A Tap on the Glass

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Reflections

For meditation this morning (for how else would you describe it) I read the last fifty pages of To the Lighthouse by Virginia Woolf. Then I walked the mile to the town library and collected some new pages to consider.

On the way back I passed a yellow farmhouse—the tractor and the corn wagon were parked across the street in a field of pending silage—where I heard a knocking hand against glass. I looked up to see a child, little more than a baby, pressed against the window. Bleached blonde hair and fair skin, a square head, and curious eyes were set in the lower corner of the white trim frame on the second story of this butter-colored house.

I smiled. I had two hardbacks in my hand, wrapped in their glossy covers. Two authors I’ve not read before. A brimming excitement.

I kept walking, and the child tapped again. And again I looked up and smiled, turning back over my shoulder this time before I disappeared into the eaves of a tree.

The child tapped again.

Has there been a more exquisite moment? Ever?

I was thinking, after just completing To the Lighthouse, that atheism and a certain breed of mysticism—an ecstatic consciousness as one writer described it—do not appear to be mutually exclusive, at least in the hands of Virginia Woolf. One does not need to invoke any particular religious trappings to savor the ecstatic whorl of an oar dipped in the current, to extend a feeling of warmth across the waters to a drifting man, to contact the rush of loneliness that sneaks in and leaves us winded, that lingers in the corners of a room, of a mind, of a place—in the stitching of cloth, the hues and contours of flowers, the positions of empty chairs.

I loved the way thought dips and soars in this book. It settles on a branch, quivers along its body then plunges into the sky, in every direction at once—a shimmering, croaking cloud of wings—swoops, then alights again, coalescing upon a wire. Now a line. Now a thicket of longing and wonder. Now the two persons along the path, their futures uncertain, the sky tenuous and sparkling. The rush of water against the rocks down below.

What I love is that this imminence is the thing itself, in Woolf’s writing. At least for me it is. It is not reducible to explanation. The characters are all adrift in this brilliant tumble. As we are. And I think if we could just have this, if we could just let it be and not pick at it, and not insist that it is equivalent to this or that underlying progression of digital commutations of which the world is composed, we would be alright.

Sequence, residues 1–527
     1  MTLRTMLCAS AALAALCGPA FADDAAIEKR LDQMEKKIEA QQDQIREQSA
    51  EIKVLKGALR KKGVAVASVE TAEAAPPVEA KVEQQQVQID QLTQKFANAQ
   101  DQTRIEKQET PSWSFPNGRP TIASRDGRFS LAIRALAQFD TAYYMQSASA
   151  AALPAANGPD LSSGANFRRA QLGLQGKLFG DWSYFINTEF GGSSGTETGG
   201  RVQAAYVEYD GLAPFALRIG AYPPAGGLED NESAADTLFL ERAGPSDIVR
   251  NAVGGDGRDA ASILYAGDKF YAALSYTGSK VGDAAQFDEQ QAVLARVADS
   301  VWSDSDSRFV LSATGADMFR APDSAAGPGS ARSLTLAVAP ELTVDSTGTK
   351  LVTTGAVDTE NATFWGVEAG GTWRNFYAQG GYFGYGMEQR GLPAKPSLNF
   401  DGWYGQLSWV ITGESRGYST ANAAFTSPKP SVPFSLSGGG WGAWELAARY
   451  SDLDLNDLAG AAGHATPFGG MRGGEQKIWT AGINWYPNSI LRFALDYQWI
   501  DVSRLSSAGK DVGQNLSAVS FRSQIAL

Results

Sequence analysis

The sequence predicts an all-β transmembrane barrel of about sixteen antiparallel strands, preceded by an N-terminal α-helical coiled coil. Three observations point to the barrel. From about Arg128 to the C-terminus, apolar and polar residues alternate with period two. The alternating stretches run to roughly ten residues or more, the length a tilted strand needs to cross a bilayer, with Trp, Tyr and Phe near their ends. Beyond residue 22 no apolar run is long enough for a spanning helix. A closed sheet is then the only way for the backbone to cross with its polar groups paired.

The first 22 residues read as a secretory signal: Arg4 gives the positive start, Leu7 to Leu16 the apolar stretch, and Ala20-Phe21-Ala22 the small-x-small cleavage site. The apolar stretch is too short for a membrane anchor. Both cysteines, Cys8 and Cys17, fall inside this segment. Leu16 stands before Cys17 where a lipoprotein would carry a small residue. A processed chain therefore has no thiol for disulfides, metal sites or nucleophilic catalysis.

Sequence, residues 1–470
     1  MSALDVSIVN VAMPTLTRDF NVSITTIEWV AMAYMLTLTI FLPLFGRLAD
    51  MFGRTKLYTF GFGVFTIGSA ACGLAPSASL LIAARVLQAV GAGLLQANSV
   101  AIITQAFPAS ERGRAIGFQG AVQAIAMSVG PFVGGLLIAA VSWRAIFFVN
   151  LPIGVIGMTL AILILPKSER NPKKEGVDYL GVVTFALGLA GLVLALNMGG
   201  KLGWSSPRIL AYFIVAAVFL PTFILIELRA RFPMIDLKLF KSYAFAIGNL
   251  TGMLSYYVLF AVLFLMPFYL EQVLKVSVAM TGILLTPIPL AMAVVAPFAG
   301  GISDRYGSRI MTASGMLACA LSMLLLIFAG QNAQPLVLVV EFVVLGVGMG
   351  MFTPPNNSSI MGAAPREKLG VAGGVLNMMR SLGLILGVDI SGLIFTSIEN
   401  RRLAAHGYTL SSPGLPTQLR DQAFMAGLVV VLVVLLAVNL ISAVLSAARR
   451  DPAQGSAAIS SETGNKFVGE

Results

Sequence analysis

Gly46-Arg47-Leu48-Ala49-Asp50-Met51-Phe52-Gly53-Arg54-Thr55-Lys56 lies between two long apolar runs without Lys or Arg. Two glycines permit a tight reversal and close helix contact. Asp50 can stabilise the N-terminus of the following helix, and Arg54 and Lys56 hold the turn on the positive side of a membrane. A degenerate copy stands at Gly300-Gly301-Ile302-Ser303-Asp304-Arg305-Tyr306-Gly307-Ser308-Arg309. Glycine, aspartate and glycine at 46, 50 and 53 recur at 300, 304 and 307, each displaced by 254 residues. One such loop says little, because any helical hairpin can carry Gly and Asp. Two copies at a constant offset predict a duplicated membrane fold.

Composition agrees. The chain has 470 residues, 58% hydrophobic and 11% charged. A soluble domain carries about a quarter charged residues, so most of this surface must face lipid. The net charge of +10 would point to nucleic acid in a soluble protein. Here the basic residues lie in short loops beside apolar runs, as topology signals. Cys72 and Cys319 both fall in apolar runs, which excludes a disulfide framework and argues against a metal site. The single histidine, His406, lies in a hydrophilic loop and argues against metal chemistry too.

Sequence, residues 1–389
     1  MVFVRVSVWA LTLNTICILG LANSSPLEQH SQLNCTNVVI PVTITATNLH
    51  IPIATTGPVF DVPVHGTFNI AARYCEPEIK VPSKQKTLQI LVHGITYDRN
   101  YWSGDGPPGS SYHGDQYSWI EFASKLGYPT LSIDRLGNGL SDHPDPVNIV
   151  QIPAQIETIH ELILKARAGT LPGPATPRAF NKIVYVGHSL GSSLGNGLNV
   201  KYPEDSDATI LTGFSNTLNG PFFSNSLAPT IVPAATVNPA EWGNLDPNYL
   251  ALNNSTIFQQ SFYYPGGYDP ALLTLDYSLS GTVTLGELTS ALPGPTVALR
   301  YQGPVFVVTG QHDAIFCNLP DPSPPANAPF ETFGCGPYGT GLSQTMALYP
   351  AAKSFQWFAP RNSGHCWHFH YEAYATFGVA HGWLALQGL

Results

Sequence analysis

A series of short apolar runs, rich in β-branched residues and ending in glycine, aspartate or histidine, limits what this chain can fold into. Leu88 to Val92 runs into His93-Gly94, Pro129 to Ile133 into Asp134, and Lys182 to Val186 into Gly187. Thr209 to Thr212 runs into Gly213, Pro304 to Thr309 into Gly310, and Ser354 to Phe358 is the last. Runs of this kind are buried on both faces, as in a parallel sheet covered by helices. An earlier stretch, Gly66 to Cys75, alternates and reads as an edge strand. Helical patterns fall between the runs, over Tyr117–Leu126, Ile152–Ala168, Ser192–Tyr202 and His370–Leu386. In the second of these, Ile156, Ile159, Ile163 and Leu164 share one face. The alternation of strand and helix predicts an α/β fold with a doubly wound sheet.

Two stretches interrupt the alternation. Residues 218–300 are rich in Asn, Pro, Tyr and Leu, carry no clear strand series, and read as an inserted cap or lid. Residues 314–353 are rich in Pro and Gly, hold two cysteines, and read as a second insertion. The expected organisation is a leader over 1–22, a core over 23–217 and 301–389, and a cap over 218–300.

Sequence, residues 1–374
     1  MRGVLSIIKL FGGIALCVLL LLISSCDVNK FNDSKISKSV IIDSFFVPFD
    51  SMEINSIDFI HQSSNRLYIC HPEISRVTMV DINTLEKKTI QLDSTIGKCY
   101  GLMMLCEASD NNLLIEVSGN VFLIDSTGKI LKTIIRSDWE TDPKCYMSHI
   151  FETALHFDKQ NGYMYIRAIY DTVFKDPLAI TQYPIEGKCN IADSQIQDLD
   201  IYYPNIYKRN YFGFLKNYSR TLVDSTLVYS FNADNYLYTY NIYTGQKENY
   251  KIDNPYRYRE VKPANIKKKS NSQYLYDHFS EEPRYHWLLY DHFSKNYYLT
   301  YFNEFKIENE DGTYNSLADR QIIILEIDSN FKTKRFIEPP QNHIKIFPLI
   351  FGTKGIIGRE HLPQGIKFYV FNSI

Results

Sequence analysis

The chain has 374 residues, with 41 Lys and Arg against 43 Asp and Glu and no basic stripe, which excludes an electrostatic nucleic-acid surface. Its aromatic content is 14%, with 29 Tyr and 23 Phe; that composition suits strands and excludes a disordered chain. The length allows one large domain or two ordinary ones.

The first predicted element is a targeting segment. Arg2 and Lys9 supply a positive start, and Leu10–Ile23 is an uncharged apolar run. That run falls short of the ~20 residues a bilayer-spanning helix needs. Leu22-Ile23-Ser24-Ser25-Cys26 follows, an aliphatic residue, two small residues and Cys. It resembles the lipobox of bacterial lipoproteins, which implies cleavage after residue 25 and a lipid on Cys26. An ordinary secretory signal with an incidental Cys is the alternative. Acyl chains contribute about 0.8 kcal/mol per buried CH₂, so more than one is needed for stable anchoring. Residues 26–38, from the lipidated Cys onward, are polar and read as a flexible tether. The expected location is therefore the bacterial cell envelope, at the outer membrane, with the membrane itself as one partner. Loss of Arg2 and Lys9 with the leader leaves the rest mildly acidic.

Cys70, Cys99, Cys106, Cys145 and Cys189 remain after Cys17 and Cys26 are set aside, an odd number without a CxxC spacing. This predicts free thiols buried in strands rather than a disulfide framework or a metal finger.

If the play of the sun on leaves and the warble of a bird’s knowing could just be what they are, we could discover the extravagant, all-encompassing solitude that occupies the middle—the space between a world reducible to atoms, or reducible to God, and illumination could find us. We could transcend the franchises that occupy and cordon our thought. Our knowing. For there is a sort of knowing that is all at once, isn’t there?

I think there must be something real in the tenor and tremble of our experience. An irreducible might—a silent, shining vision. Something that can reach through a child leaning against a knee-high pane of glass, and tap on the window as we stroll along, to say hello.

32 Comments

  1. A superb article, Michael, both in content and execution. Coincidentally, To the Lighthouse arrived in my letterbox yesterday morning and I aim to read it in the coming days. Mrs Dalloway has been my best read of 2017 by a country mile (English expression), and I’m really quite excited at the prospects of TTL. I’m right with you on this redundancy of looking to explanations, descriptions, theories, et al, as if they could ever offer even a remote equivalence to that which they point to. I see them more as having the capacity to settle the mind into a receptive state, and perhaps the trick then is to discard their content once in that state? How to do that, how to let things “just be what they are”, as you say? Even the act of discarding ideas, thoughts, beliefs, and so on, is itself a movement of mind still within a controlling (and hence fabricated) state. As a Buddhist abbot once said to me, “It’s a bastard, isn’t it?”